Whilst I was talking I could see them studying everything about us: eyes, hair, teeth, clothes, rings, body language. I didn’t mind, and probably did likewise, but every bone in my body was screaming at me to get to bed. I kept smiling.
Like me, Halia had a thousand questions, but unlike me, she wanted to ask most of them then and there. I answered as well as possible, with the odd joke thrown in. Occasionally the jokes didn’t translate, resulting in horrified looks, from which Vitaliy had to rescue me.
An hour had passed, and I was fading. I was also conscious that it was only them asking the questions, and I didn’t want to appear disinterested. Then I remembered that they still didn’t know we’d changed our name back to the original Ukrainian surname. Bubski showed them the passports. They were bowled over. Halia explained that we were now the only ones still to carry the family name, everyone else having either died, got married or kept the English name my grandad took
60 years ago. She was visibly touched by this, and even Ivan (silent until now) seemed to respect it as well.
Finally we arranged to meet them on Friday. Ten minutes later, after another three welcomes to Ukraine, they left. We slid off to bed, promising to analyse and discuss in the morning. Usually I’d have lain in bed for hours thinking about something as significant as that, but I don’t even remember my head hitting the pillow.
The Big Day
Friday came, and they were waiting to meet us in the car park. We were told that Myroslav and Volodymyr (my grandad’s two other living cousins) would be joining us later, and after some photos outside, we were ushered in. Halia lives in a small flat at the top of an old multi-storey apartment block just outside Tulukiv, where she teaches Ukrainian. There’s no lift and a lot of stairs. She’s not young any more, but age clearly hadn’t caught up yet, and she bounded up at a rate of knots.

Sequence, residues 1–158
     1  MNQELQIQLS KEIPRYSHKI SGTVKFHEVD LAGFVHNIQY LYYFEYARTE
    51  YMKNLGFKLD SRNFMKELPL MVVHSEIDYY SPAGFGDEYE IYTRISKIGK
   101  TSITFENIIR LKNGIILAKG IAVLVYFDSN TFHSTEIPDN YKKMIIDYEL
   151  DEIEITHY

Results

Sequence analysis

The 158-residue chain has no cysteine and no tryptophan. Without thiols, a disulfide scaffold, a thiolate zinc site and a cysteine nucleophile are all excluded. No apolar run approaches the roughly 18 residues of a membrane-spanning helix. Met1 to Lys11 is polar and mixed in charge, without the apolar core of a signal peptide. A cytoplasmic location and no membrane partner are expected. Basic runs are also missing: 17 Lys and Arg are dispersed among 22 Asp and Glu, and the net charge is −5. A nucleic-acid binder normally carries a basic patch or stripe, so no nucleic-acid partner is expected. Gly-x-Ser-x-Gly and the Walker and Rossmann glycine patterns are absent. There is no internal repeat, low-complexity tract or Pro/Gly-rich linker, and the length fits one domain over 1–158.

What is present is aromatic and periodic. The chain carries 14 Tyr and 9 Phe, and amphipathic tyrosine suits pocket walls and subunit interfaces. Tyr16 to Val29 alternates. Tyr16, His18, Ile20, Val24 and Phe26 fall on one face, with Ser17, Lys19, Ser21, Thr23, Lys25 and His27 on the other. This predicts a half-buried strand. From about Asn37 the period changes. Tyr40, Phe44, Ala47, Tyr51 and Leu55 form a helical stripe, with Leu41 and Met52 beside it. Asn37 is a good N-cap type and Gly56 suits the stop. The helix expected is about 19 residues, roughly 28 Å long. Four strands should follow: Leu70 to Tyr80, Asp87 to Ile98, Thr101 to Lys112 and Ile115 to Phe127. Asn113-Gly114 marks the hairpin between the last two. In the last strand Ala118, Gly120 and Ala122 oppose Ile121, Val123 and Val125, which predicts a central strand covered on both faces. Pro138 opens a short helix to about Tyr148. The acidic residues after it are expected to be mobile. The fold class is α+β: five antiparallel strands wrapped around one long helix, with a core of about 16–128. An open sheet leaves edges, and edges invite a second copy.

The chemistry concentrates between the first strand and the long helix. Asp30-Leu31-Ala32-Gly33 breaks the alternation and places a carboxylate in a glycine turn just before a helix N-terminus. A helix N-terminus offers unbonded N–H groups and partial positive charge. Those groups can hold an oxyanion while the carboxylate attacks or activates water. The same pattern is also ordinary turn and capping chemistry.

Once inside, we were shown into the front room. It was cosy, decorated with religious objects and local crafts, among them a giant woven rug hanging from the far wall. A large table filled the room, and it was already laid out with food: cheese, meats, salad, pickles, quiche, crisps, bread and fruit. There seemed to be a seating plan: I was put in the middle of the table, with Bubski to my right. Everyone else then filed in behind.
We were quite quiet at first, partly because there was so much talk anyway, partly because we were so overwhelmed by the gesture of it all. A lot of effort had gone into the preparation and presentation. It couldn’t have been cheap, and they seemed far from well-off. There would only be so many thank yous we could say, so we did our best to just enjoy ourselves and visibly appreciate it.
Everyone could have had three courses and still not cleared half. Each time we took some food, someone would reach for the same bowl and scoop more of the same onto our plates. We never seemed to make any progress towards finishing, and well after we were full, our plates remained mountains of food. It was an exercise in stomach extension.